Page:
Chances are if you don’t recognise the name Eddie McGuire you will definitely recognise his face.
McGuire has been an Australian Rules commentator, the CEO of Australian TV’s Nine Network, the president of the Collingwood Football Club, the chairman of the Melbourne Stars Twenty20 cricket franchise, the host of a breakfast radio show and the quiz master of the popular game shows Who Wants To Be A Millionaire and Millionaire Hot Seat.
After so long in the public eye, it is little wonder that McGuire is used to be being constantly recognised.
“I’ve been pretty high profile in Melbourne and Australia for close to 30 years,” he says. “I’m on air every day and I write a newspaper column and I’m the President of the biggest sporting club in Australia… (People) tend to know who I am. I’m not necessarily the look-nice and smell-nice host. I have an opinion on things and I get widely reported.”
And the reporting is not always positive. Such was the case when McGuire created a furore after a glib comment that AFL player Adam Goodes, an indigenous Australian from the Sydney Swans, could promote the musical King Kong. McGuire has since apologised and has been ordered to undergo racial counselling.
McGuire’s profile is so big, it almost had disastrous consequences on a trip to New Zealand when he was promoting the original Who Wants To Be A Millionaire.
“It was one of the funniest, almost tragic experiences of my life,” the 48-year-old presenter says.
“As I walked out of Auckland Airport, this bus came around that I didn’t see and I nearly stepped out into it. It actually had my head on the side… So I was nearly cleaned out by my own head. Some would say a very fitting way to go. My own big head nearly killed me.”
With Who Wants To Be A Millionaire no longer filming in Australia, McGuire has moved on to the shorter, quicker format of Millionaire Hot Seat.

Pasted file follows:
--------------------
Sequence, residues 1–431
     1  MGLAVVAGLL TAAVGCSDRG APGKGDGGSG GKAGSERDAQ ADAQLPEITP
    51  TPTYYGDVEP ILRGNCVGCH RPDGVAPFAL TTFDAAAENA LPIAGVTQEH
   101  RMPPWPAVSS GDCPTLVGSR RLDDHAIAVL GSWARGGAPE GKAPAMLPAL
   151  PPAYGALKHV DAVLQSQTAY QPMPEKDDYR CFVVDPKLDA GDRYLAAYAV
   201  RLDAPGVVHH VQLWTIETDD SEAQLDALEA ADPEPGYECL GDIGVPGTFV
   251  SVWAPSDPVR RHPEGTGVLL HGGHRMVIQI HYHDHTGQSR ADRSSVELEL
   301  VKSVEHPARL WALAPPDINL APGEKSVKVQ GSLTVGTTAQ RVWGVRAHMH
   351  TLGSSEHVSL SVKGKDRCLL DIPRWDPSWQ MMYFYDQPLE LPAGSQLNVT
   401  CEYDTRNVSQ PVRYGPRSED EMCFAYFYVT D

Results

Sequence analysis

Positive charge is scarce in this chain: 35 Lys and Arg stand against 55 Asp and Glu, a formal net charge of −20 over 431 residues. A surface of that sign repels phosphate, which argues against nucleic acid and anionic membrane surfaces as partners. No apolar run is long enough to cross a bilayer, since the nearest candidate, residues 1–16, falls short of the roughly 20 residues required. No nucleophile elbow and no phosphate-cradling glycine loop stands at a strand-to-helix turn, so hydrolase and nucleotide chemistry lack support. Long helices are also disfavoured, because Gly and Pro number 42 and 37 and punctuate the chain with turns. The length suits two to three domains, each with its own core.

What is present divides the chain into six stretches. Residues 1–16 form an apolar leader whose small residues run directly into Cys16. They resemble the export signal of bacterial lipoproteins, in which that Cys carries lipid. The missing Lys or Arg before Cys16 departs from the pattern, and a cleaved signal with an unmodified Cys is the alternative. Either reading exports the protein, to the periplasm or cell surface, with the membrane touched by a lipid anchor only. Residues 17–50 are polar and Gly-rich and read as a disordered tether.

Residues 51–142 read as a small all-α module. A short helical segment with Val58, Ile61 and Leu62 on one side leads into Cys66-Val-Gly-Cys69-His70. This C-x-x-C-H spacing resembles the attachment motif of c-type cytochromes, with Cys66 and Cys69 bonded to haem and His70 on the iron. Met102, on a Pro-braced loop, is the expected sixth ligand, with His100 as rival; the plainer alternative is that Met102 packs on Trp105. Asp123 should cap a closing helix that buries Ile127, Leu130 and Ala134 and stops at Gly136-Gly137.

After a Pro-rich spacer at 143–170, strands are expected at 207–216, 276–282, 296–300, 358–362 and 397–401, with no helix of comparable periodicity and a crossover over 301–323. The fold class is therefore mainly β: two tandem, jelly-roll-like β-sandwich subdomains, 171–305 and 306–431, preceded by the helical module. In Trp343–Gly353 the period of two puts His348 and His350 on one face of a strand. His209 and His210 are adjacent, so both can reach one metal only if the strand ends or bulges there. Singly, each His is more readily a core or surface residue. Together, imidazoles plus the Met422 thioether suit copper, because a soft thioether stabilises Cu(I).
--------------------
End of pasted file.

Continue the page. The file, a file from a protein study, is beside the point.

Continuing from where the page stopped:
In the spin-off series, six contestants take turns to answer multi-choice questions as they work their way to the $1 million top prize.
Although no one has taken home the big prize yet, McGuire says the show has already changed lives.
“What I love about it is, it doesn’t have to be a million dollars that goes off,” he says.
“We had one guy who seemed, on the outside, to be a successful businessman and he broke down out the back. He’d won a big chunk of change and we rang his wife… and it meant the difference between losing and keeping his house.
“As I said the lumps of money can be significant, obviously up to a million dollars.
But, generally, they’re more bite-size prizes. But it’s enough to get rid of all the debt or give you that superannuation.”
McGuire hopes people play along at home and admits that he, too, is trying to answer the questions.
“I don’t know the questions until they come up,” he says, “so I read the question and the [options] and I’m trying to pick the answer myself…
“I’ve got to be careful that I don’t influence people the wrong way… I like to think I know all the answers, but I don’t.”
Contrary to what viewers might think, McGuire tries to help the contestants win the million dollars.
“I want people to win,” he says. “It’s not my money. I want to give it away. The more money going off the better, I reckon.”
With Millionaire Hot Seat airing every weekday, McGuire hopes Kiwis will tune in regularly.
“I’m really rapt that it’s on in New Zealand,” he says. “My uncle is in Auckland so hopefully he’ll be proud of his Aussie nephew.”
Millionaire Hot Seat –